Spot the difference: 580EX II, SB-900 speedlight clones
The shanzhai manufacturers are at it again. This time, a Chinese manufacturer has created a pair of flashguns that are faithful replicas of Nikon and Canon’s previous generation of flagship speedlights. The MK580 and MK900, both products of Hong Kong MeiKe Digital Technology Company, are shameless copies of the Canon Speedlite 580EX II and Nikon SB-900 Speedlight, respectively.
MeiKe have to be commended for their attention to detail, if not to intellectual property. As we will see, the MK-series flashes appear to imitate Nikon and Canon’s authentic designs almost perfectly all the way down to screen size, buttons and control layout. They don’t stop there, though. Even the functions inside match quite closely. Some of the seller listings show the LCD menus that have also been replicated. It’s not entirely clear to whom these devices are meant to be marketed, but they don’t seem to have skimped on the apparent feature set.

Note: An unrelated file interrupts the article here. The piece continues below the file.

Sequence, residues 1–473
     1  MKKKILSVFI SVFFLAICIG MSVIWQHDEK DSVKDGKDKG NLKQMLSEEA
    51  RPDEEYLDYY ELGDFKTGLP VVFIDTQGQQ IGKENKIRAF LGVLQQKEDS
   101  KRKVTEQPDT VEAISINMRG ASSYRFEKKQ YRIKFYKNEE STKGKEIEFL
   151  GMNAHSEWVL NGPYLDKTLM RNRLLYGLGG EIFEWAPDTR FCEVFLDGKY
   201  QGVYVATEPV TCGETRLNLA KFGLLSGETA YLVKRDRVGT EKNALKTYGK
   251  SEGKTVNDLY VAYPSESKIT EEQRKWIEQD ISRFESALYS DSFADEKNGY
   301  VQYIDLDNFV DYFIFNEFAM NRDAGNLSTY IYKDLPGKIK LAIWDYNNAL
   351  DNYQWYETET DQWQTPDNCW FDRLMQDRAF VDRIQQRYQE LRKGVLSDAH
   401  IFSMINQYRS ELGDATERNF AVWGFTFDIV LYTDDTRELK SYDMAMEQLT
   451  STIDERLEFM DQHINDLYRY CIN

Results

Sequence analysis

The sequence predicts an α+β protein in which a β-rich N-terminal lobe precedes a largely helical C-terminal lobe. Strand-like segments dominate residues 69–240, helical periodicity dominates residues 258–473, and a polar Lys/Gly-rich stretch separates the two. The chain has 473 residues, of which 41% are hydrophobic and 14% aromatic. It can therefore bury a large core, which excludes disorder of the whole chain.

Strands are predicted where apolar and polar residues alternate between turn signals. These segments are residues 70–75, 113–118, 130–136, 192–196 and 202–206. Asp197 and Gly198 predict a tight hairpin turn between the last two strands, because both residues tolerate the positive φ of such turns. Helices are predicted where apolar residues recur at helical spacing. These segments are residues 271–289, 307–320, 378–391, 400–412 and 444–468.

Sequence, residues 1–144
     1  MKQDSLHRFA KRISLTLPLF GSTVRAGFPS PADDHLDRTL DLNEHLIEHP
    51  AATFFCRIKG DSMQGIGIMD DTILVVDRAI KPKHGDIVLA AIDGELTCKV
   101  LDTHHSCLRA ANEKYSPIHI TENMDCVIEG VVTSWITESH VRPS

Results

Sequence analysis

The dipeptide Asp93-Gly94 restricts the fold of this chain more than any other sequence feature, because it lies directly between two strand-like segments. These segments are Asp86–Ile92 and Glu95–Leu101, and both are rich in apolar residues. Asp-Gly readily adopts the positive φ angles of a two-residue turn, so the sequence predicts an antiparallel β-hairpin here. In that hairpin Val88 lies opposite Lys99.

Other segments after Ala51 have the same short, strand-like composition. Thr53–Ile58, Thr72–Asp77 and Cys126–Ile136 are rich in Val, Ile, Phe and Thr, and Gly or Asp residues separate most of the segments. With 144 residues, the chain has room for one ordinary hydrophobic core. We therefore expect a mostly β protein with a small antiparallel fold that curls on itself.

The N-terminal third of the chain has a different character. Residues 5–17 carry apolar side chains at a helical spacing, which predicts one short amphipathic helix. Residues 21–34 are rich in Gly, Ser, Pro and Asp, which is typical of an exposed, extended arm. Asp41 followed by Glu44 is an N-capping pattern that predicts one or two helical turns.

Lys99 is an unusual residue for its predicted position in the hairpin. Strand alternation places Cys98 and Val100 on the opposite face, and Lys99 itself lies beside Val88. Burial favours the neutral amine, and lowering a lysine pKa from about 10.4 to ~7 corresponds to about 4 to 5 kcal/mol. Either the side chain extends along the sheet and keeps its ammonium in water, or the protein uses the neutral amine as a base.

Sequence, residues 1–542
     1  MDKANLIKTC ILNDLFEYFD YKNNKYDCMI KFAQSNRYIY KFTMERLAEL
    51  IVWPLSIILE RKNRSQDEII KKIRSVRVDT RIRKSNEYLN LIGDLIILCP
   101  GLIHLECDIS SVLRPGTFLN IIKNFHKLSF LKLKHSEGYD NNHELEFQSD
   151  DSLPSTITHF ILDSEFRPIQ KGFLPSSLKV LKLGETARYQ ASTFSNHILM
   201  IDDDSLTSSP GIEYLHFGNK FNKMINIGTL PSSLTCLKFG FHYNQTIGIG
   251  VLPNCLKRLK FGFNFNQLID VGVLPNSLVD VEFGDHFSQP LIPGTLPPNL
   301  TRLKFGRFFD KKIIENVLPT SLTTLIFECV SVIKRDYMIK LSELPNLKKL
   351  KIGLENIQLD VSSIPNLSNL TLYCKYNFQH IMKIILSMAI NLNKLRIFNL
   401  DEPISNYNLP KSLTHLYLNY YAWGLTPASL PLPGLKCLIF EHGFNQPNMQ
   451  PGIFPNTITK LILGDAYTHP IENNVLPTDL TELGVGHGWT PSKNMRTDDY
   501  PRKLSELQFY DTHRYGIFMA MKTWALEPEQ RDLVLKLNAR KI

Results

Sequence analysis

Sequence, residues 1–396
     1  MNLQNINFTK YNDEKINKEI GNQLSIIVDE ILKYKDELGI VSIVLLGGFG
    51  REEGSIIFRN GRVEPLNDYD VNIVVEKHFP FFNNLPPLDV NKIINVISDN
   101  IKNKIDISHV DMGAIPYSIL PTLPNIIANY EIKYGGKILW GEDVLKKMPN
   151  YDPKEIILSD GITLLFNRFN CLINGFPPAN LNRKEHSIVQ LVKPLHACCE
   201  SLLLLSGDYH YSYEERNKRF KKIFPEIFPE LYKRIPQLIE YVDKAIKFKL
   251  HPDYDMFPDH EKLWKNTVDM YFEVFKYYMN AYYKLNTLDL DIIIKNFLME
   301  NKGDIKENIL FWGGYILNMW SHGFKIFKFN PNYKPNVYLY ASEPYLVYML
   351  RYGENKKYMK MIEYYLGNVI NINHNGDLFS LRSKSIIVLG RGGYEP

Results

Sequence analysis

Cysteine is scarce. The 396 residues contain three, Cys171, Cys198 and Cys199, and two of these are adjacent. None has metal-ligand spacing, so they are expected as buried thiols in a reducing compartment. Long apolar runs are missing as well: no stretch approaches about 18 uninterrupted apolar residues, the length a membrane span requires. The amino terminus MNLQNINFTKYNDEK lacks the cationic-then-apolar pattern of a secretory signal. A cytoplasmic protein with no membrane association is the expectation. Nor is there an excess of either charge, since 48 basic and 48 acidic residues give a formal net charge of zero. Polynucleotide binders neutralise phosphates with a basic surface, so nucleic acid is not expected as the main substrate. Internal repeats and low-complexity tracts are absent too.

Canon 580EX II
|Guide number (35mm)||36||42||40||42|
|Power increments||1/3 stop||1/3 stop||1/3 stop||1/3 stop|
|Recycle time||2.0s||5s / 2.5s*||2.2s||5s / 2.5s*|
|TTL mode||E-TTL II||E-TTL II||i-TTL||i-TTL|
|Master mode||E-TTL II||E-TTL II||AWL/CLS||AWL/CLS|
|External power input||CP-E4||CP-E4||SD-9A||SD-9A|
|HSS / FP Sync||Yes||No||Yes||No|
The most significant difference is a lack of high speed sync (HSS/FP Sync) capability in the clone products. There are other things we can’t really tell from technical specifications alone, such as build quality, output consistency and whether the brightness/GN has been exaggerated.
You can already find these copycat speedlights on eBay, both priced around US$180. The real Canon 580EX II and Nikon SB-900, meanwhile, have both been discontinued to make way for their respective successors, the 600EX and SB-910.
The factories of Shenzhen are already notorious for churning out clones of tablet computers and smartphones, with the practice well-documented on shanzai.com. In the photographic industry, though “knock-off” battery packs, grips and shutter releases are commonplace, more complex products such as flashguns and studio lights tend only to have a vague resemblance. What’s next? A counterfeit Nikon D4?
We contacted Canon but they declined to comment.